Nabakooba added that people need to understand that if one becomes critically ill from COVID-19 today, access to the ICU might be difficult and yet without it, chances of survival are very low.

“COVID-19 is a clear and present danger waiting to strike anyone anytime,” she said and urged citizens to take SOPs very personally to protect themselves and their loved ones.

But officials at the Ministry of Health say the ever rising death toll is sad but not surprising. Uganda is currently in Phase-4 of the pandemic and there is disseminated and diffuse community transmission.

Robinah Nabbanja, the Minister of Health for General Duties said early this month that this phase means that people are getting infected without knowing how they got infected. The death toll is expected to rise in this phase.

Dr. Jane Nakibuuka, a senior consultant physician and head of the ICU at Mulago Hospital told Uganda Radio Network early this month that the numbers started surging at the end of August when admissions went up.

At the time, there were 70 severe patients being treated in Mulago’s High Dependence Unit COVID-19 treatment centre. She said the numbers of deaths from mid-September to that point were twice those of discharge patients, with figures showing that 53.2% of all admitted COVID-19 patients at the hospital died.

“Initially the patients were very few but towards the end of August, the numbers significantly increased and we started registering high mortality,” she said.

Dr. Rose Byanyima, the deputy executive director of Mulago Hospital who also doubles as the head of COVID-19 management at the hospital also told Uganda Radio Network that it is not surprising that the country is now grappling with a high number of deaths. Byanyima said the higher the cases of severe forms of COVID-19, the more deaths will occur.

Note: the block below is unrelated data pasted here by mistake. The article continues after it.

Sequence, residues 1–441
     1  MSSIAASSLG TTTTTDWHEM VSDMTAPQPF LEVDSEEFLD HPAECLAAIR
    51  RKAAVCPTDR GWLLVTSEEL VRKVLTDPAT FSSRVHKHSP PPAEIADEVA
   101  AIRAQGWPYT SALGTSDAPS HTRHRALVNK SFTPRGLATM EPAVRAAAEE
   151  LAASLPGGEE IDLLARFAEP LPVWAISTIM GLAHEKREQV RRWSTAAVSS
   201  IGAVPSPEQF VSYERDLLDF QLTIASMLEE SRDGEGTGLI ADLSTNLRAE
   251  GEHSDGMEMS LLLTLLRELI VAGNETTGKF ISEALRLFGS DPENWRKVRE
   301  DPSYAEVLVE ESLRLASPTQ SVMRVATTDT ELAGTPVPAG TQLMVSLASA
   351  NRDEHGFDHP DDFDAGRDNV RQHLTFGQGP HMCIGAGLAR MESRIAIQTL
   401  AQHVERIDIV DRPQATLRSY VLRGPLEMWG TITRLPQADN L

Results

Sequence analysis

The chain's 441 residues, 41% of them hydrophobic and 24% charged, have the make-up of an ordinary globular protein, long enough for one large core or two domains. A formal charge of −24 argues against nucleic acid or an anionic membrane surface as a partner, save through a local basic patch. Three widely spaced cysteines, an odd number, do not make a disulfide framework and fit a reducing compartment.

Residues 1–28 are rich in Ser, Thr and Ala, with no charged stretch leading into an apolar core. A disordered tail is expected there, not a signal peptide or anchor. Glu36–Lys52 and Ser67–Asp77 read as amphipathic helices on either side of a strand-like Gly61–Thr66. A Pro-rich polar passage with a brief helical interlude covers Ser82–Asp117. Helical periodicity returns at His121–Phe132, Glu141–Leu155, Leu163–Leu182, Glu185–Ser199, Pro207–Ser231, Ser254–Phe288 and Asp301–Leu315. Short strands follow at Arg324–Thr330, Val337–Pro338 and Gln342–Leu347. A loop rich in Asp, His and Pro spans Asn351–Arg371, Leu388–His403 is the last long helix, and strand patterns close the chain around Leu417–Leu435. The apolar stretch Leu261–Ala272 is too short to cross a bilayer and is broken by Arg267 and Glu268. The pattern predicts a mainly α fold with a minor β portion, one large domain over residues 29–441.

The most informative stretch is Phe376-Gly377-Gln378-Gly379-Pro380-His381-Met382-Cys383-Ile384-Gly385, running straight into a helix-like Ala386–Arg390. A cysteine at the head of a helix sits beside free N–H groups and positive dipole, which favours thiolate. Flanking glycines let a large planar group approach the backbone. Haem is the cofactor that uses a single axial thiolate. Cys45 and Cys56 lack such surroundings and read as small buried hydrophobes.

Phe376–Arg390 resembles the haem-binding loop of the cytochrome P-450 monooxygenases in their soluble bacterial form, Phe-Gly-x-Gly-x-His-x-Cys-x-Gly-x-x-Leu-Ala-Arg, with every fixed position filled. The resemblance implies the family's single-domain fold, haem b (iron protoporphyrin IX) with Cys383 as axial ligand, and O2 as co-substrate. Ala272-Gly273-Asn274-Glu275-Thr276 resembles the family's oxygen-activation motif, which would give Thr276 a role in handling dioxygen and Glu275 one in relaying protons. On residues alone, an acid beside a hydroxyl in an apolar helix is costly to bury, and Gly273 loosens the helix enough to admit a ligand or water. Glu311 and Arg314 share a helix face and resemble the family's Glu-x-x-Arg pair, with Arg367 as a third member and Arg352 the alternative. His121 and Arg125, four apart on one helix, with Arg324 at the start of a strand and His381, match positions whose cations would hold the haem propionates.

In one of the signs of government resignation, officials said early this month that the burden of burying of COVID-19 victims will now be borne by family. Previously, only health ministry officials and volunteers from the Red Cross were allowed to bury confirmed and suspected cases. However, the Red Cross pulled out early November, owing to insufficient resources.

The officials said government hospitals will stop at preparing the bodies before being handed over to the bereaved families. Under the new guidelines, families of COVID-19 are supposed to be present at the treatment of the body to confirm that the body is indeed that of their relatives. But Uganda being a deeply religious country with strong traditional values, this is proving difficult to implement and many people are getting infected during burial ceremonies.

Health workers on the frontline are also being hit hard. As of Nov. 22, up to 1,238 cases of infected health workers had been confirmed and out of these, 10 deaths had been reported in different categories of medical workers.

Kaducu said her ministry will continue to prioritize the safety of health workers. Some of the ongoing interventions include; intensified risk communication of infection and control measures within hospital settings and availability of adequate supplies of personal protective equipment.